A group of White teachers at a Philadelphia elementary school have filed federal lawsuits against school officials and a Black former principal who, they claim, discriminated against them because of their race and implied that they were unfit to teach African American students.
According to the Courthouse News Service, suits filed May 10 by four instructors at the predominantly Black Mifflin Elementary School allege that during his one-year as principal, Charles Ray III, who is Black, created a hostile environment at the school by establishing an “atmosphere of distrust and favoritism.”
The teachers, Nicole Boyd, Debra McKibben Marenbach, Marta Ciccimaro and Colleen Yarnell, claim that racial discrimination is rampant throughout the school and Ray severed their relationships with the students by randomly switching room assignments and denying access to school supplies. Additionally, they said the principal changed their schedules without notice and gave them poor performance marks because they are White.
Mifflin ‘s student body is roughly 270 students, 86 percent of them Black and 85 percent of them poor, according to school district data. The school is located in the East Falls neighborhood, a mostly White enclave that includes former Gov. Ed Rendell and former Sen. Arlen Spector as residents. The Wbite school age residents are largely in private school.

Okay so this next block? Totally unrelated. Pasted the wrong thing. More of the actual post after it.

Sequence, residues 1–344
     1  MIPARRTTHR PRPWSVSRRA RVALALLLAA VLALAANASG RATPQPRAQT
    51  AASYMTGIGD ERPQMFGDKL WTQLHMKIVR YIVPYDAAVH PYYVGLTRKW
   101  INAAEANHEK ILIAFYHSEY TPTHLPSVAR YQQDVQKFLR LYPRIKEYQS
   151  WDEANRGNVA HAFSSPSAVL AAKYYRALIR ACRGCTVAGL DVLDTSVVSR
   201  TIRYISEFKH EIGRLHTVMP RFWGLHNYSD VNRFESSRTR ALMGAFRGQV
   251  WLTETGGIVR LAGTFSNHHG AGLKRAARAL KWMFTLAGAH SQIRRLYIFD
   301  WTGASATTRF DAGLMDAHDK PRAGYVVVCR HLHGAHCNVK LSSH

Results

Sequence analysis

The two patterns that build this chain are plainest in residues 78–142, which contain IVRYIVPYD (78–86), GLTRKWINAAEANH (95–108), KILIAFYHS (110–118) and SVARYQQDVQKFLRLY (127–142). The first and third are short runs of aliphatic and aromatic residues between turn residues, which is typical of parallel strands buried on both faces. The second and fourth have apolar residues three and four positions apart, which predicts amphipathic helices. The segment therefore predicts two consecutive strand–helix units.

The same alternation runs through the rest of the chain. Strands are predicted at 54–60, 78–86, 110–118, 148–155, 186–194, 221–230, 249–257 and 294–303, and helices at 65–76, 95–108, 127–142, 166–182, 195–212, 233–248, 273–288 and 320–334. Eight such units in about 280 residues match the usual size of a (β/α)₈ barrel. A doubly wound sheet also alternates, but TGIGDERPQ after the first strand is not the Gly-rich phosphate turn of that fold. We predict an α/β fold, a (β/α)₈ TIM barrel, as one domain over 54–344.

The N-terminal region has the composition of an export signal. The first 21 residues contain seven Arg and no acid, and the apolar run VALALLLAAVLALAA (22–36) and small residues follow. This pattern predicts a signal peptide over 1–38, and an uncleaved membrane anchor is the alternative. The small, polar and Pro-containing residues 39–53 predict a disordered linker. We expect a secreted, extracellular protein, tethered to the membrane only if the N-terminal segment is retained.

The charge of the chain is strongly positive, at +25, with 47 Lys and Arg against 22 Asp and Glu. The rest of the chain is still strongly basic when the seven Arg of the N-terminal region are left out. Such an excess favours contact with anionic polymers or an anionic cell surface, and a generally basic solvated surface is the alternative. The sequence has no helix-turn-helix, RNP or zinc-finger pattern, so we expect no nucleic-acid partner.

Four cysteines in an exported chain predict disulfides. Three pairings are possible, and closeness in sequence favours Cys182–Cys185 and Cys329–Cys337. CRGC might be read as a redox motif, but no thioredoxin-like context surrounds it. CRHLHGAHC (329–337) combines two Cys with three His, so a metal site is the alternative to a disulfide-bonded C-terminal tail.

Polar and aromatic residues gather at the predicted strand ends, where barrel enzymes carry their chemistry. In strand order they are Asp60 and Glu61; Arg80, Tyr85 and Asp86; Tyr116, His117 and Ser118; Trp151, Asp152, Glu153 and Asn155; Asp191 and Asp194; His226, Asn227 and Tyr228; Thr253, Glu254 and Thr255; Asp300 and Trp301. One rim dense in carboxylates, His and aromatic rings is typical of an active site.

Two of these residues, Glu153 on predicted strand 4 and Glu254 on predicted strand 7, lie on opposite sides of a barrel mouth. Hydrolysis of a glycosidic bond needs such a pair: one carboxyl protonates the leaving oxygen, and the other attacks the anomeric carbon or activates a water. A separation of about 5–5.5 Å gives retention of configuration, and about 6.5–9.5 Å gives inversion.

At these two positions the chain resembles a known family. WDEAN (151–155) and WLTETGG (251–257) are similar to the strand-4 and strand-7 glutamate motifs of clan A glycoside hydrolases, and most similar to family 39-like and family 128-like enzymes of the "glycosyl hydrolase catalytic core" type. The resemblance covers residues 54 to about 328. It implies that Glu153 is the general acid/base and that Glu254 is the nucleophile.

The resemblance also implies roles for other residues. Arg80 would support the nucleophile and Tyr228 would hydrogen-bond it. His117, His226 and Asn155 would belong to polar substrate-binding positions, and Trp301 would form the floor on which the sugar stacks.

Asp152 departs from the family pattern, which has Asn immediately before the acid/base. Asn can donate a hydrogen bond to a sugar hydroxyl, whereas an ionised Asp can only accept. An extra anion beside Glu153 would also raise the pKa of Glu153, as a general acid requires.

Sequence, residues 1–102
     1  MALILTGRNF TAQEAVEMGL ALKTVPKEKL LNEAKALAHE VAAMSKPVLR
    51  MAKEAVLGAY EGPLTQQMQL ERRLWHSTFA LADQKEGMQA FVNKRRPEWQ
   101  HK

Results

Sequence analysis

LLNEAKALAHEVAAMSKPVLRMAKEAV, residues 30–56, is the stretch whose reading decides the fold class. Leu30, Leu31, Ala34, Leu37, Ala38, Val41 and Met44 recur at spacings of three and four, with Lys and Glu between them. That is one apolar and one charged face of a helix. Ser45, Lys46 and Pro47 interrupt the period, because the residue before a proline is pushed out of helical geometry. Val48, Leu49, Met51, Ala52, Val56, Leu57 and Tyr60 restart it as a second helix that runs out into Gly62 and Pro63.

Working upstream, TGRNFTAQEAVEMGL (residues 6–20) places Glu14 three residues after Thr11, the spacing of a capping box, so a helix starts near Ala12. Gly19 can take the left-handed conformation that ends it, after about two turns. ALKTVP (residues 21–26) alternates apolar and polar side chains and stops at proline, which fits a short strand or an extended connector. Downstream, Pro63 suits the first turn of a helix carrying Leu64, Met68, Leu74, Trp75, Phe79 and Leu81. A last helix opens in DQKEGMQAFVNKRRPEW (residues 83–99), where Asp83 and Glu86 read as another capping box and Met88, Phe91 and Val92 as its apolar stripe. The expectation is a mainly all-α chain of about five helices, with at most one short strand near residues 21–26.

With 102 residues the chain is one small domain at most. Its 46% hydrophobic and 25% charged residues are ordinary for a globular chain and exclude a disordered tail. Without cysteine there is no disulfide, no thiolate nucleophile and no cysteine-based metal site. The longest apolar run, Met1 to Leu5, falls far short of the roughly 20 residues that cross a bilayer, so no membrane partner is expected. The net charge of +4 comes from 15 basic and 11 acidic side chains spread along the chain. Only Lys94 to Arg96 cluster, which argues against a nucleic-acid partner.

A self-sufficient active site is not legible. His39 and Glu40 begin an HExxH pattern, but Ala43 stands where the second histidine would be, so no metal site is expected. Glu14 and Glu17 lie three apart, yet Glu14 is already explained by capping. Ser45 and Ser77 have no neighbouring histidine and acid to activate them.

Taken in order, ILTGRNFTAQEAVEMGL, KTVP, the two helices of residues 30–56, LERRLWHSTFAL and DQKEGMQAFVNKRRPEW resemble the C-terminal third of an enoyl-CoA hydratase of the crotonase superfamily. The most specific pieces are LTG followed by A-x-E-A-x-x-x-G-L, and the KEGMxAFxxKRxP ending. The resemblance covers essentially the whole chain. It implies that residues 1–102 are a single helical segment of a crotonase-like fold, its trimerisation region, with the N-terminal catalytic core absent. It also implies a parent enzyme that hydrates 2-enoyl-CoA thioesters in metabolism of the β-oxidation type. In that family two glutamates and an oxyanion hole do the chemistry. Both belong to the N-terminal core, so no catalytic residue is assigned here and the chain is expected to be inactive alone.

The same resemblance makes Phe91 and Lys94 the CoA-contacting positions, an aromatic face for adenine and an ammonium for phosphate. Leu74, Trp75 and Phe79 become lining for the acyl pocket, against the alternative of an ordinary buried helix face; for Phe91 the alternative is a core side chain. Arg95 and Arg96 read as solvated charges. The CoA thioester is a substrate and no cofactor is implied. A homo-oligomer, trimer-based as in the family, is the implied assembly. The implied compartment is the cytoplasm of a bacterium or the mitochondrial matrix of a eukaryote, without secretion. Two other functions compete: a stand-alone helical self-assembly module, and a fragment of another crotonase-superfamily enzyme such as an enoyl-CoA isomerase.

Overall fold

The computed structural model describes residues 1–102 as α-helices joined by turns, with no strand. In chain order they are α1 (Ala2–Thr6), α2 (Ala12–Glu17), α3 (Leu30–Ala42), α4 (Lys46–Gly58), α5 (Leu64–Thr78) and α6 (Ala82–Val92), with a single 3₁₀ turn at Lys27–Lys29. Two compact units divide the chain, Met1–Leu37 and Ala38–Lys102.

The instructors still remain on staff. Ray worked in the district from 2008 to 2009.
The group also claims that Ray often let African-American instructors disregard the school’s rules and regulations without punishing them. The suits claim that Ray forced employees to read an article instructing teachers that “Whites do not have the ability to teach African Americans” as part of a professional development exercise.
When the instructors tried to complain to the Philadelphia Federation of Teachers union, they allege that Ray retaliated against them and they became the targets of an investigation that sought to intimidate, harass and ultimately find a basis for firing them.
“Charles Ray III consistently stated that he had a relationship with top school officials indicating that his conduct was part of an approved policy or was part of a pattern of practices sanctioned and supported by ‘higher authority’” the suit states, according to the Associated Press.
The suits were filed against the former principal, the Philadelphia School District, the teachers’ union and an instructor who Ray allegedly ordered to access the teachers’ personnel files to find information. All four plaintiffs are seeking over $150,000 in damages.
According to CNN, district spokeswoman Shana Kemp said that they haven’t received notice of the suits.
“Once we have been formally served, we will take a close look at the allegations and respond accordingly,” Kemp said in a statement. “The district’s goal is to maintain an atmosphere of fairness and equality for all, and allegations of discrimination, on any basis, are taken seriously.”
Racial problems have plagued Mifflin in the past. A White principal left the school in 2007 after Black parents complained about an administrator who said Muslim students looked like “flying nuns.” Also, in 2008, a mural on the side of the school was defaced with anti-Semitic graffiti.